The bucket also needs to be given full public access. The reason buckets are usually locked down is to stop information being leaked. However, as this is a static site that is not something to worry about. All files need to be accessed for the site to run.

To set up the correct access you need to:

  • Uncheck ‘Block all public access’
  • Check the scary looking warning block at the bottom.

AWS settings panel for public access

Once the bucket has been created you need to tell AWS that this bucket is to be used for hosting a static website.

  • Go to the ‘properties’ for that bucket
  • Click ‘Static website hosting’.
  • Select ‘Use this bucket to host a website’
  • Enter “index.html” as the index document.
  • Enter ‘404.html’ as the error document.

AWS static hosting settings panel with no details

Once you have completed the above, you need to update the policy of the bucket. This will set read access for anyone in the world. The steps to do this are:

  • Navigate to S3 in the AWS Console.
  • Click into your bucket.
  • Click the “Permissions” section.
  • Select “Bucket Policy”.
  • Add the following Bucket Policy (update with your bucket name) and then Save
{
    "Version": "2012-10-17",
    "Statement": [
        {
            "Effect": "Allow",
            "Principal": {
                "AWS": "*"
            },
            "Action": "s3:*",
            "Resource": [
                "arn:aws:s3:::YOURBUCKETNAME",
                "arn:aws:s3:::YOURBUCKETNAME/*"
            ]
        }
    ]
}

Setting Up CodePipeline

AWS CodePipeline is a fully managed CI (Continuous Delivery) service that automates releases. It removes a lot of the complexity around rolling out applications, making it far easier and quicker to deploy them.

We want CodePipeline to listen to your repository, and any time a new commit is made to your branch of choice the build process will run. The files generated will be deployed from CodePipeline to the S3 bucket.

To set up the CodePipeline, follow these instructions.

  • Navigate to Developer Tools/CodePipeline
  • Click ‘Create Pipeline’
  • Enter your pipeline name
  • Click Next

AWS pipeline settings panel with no details entered

Now it is time to connect your source. In this example I will be using Bitbucket Cloud, but Github is also an option.

  • Select the source provider
  • Click ‘Connect’ for the Connection field
  • A new modal will open, click ‘Install App’ to link to your repo account.

It is important to note at this stage that you can only connect to repos that the account you are connecting to owns (if using Bitbucket). It is not enough to have been given admin access.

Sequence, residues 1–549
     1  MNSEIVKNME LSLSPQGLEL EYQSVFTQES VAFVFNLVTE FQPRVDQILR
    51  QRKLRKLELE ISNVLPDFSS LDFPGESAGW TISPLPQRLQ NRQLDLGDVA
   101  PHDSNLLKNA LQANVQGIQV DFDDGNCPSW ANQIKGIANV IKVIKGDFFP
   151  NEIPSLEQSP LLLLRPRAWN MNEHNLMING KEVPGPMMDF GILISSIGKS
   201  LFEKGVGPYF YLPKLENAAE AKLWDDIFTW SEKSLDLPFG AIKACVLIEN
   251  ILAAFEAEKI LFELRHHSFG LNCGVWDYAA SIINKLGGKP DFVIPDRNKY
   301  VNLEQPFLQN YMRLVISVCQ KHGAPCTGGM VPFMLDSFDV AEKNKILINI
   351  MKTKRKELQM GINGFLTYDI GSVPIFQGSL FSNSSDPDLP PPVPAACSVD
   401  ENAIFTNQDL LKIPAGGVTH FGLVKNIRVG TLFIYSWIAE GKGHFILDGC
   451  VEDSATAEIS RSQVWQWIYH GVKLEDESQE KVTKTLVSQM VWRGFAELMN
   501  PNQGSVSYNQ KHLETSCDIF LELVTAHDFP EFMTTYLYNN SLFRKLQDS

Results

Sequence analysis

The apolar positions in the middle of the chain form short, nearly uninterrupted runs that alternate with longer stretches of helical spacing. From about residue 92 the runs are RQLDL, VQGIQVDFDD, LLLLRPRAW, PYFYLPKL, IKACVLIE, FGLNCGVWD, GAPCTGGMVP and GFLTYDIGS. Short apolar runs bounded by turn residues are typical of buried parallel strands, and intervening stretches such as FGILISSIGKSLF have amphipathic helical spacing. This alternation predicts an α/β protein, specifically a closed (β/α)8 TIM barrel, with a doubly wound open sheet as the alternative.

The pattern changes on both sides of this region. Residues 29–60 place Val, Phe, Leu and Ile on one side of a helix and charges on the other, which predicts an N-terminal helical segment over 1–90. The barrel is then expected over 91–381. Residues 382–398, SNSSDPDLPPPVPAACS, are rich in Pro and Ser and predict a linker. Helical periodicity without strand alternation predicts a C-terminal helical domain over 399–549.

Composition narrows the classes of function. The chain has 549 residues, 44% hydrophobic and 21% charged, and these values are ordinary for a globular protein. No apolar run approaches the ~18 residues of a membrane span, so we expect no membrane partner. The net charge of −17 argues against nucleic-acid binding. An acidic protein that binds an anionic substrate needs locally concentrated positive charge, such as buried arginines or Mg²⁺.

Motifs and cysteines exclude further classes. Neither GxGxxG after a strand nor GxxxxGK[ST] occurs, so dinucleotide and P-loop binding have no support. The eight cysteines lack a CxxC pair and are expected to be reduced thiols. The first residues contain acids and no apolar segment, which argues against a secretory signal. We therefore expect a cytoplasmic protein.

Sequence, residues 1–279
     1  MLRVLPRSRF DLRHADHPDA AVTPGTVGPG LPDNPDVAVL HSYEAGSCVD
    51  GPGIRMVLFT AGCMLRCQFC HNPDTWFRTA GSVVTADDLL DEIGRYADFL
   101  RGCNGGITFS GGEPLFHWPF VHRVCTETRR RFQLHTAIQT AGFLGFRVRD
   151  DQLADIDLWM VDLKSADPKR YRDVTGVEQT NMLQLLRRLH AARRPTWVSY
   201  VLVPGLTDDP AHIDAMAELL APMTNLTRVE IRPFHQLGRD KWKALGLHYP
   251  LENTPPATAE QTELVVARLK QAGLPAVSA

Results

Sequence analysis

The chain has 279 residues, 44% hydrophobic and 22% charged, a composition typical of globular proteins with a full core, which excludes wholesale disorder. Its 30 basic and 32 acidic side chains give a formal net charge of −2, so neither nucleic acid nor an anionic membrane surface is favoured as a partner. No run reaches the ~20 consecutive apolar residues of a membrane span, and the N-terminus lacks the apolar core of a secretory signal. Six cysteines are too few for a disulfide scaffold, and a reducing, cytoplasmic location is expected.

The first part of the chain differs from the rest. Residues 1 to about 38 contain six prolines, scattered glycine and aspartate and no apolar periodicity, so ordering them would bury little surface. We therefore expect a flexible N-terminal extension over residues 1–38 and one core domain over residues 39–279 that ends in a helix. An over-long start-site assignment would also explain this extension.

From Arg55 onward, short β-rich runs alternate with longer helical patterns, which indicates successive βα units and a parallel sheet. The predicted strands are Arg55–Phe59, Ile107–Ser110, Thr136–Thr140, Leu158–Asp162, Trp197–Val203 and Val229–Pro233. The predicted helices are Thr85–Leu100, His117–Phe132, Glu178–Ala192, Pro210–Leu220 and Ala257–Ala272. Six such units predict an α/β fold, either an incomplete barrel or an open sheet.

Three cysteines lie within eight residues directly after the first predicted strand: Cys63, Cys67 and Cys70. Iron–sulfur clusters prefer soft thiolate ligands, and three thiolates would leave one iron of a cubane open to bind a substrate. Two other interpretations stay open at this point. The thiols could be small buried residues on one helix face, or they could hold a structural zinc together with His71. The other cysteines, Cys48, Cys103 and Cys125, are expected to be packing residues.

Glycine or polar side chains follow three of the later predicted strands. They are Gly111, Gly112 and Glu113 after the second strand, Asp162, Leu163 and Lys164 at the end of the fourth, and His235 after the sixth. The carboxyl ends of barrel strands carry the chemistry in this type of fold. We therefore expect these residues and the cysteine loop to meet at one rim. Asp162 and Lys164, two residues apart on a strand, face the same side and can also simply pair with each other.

Once you have connected the account successfully, now you need to add the repo and branch.

AWS CodePipeline source settings with bitbucket added

  • Search for the repo in the search field (if it doesn’t show up, its because you do not own it)
  • Select the branch you want to connect to.
  • Leave the rest as default and click ‘next

Add a build stage

At this point, you need to create the build process for your Gatsby project. It is relatively straight forward. Although AWS says it is optional, we require it for our project.

  • Select a Build provider – AWS Codebuild
  • Select your region
  • Click ‘create a project’ – This is the name of your build process.

You will now be shown a popup modal. Enter the following details:

  • Name of the project
  • Move down to ‘Environment’ section
  • Select ‘Managed Image’
  • Operating System – Ubunto
  • Runtime(s) – Standard
  • Image: aws/codebuild/standard:4.0
  • Move to the bottom and click ‘continue to codepipeline’

Next add your environment variables, This are things specific to you, that you may have added into your build.

There is one variable that you MUST add, and that is the bucket name that this deployment is passing the static files to. This is set by:

  • Click ‘Add environment variables’
  • Set the name as ENV_BUCKET
  • Set the value as your bucket name (including s3:// at the front – eg ‘s3://MYBUCKETNAME’)
  • Leave type set to Plaintext.

Add Deploy Stage

Once you have added your environment variables, click Next at the bottom right and you will be taken to the Add Deploy Stage screen.

As all of the deployment is managed through AWS Sync, a deploy stage is not needed.

Click ‘Skip deploy stage’.

Lets Go

Double check all of the settings on the final screen, and if there are no mistakes press ‘Create pipeline’.

This will create the pipeline and trigger the first build of the static site. Now any time a commit is pushed to this particular branch the build will trigger and re-deploy.

If you need this to happen across multiple branches, repeat the process on a new branch!

I hope this helped get you moving. Let me know if I can be anymore help by contacting me on twitter @robertmars